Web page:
"We've got people coming to get arrested from all 50 states," McKibben said in an interview Friday.

That includes Margot Kidder, the Canadian-born actress who's now an American citizen living in Montana. Kidder will travel to D.C. with three other Montana women, all of whom describe themselves as concerned grandmothers, early next week.

In a recent interview, Kidder didn't have much good to say about the environmental record of her native land, alleging there are few regulatory standards in Canada.

"One of the real horrific results of letting this happen is that we're going to quadruple and quadruple again the output of the tarsands in Alberta because there is basically no governmental control, environmentally, in Canada over the oil and gas industry, far less than there is here," Kidder said in an interview this week with the Livingston Weekly, an alternative Montana newspaper.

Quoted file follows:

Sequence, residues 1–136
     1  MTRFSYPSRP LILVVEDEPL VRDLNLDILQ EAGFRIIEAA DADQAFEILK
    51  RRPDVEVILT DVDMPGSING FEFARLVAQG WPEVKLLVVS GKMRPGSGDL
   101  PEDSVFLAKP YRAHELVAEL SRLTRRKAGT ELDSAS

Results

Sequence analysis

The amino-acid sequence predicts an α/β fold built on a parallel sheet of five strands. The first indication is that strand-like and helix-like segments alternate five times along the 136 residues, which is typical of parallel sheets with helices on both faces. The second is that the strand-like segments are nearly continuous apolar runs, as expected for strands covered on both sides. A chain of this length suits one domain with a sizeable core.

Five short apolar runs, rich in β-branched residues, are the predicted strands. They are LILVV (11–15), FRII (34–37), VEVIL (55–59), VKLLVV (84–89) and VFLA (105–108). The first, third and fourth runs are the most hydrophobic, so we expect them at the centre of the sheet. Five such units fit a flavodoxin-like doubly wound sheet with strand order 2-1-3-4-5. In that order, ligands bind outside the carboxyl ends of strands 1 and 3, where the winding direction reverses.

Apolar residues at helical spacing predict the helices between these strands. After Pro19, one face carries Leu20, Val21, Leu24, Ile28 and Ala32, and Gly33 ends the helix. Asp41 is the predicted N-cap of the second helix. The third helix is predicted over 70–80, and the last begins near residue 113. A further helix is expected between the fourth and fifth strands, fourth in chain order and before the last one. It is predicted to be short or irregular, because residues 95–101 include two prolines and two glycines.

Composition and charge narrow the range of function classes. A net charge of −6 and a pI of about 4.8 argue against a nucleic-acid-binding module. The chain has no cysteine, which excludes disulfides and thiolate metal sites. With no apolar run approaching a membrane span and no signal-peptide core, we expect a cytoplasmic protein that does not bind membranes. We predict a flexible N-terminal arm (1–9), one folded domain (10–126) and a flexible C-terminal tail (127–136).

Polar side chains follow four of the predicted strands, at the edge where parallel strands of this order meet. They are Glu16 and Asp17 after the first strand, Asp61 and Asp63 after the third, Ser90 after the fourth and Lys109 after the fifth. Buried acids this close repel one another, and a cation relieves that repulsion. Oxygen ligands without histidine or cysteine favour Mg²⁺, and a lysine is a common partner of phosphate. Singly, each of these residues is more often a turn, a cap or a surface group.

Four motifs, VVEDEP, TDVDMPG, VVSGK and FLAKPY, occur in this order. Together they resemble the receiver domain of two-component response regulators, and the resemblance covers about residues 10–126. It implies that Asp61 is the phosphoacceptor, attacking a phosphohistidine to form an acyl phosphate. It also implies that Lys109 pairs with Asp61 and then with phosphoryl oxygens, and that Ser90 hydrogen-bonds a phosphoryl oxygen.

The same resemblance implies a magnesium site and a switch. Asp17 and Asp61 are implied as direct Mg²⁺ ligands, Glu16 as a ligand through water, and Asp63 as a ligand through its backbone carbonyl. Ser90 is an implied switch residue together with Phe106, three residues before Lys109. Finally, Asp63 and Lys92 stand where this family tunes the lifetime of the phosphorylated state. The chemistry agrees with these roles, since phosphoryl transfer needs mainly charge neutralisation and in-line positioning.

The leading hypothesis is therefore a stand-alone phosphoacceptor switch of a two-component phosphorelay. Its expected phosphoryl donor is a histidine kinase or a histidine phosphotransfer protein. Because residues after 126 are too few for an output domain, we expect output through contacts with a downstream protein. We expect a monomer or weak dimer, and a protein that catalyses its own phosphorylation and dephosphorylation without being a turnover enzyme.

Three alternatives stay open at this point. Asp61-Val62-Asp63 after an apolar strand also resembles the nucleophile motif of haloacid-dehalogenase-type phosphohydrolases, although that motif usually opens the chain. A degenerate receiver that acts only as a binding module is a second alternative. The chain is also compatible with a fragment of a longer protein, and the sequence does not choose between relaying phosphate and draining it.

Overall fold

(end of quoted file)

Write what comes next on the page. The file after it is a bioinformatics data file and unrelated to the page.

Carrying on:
"The tar sands is the biggest carbon emitter on the planet ... it's using up something like 20 per cent of Canada's allowed emissions alone."

Ruffalo and Kidder aren't the first to lend their celebrity to the movement. Danny Glover will also participate in the protests, while "Avatar" director James Cameron even visited Alberta last year to tour oilsands facilities and nearby communities.

The goal of the sit-ins is to convince the Obama administration to snuff out TransCanada Corp.'s $7-billion proposal to build a pipeline that would carry millions of barrels of oilsands crude weekly through the American heartland and to a Gulf Coast refinery in Texas.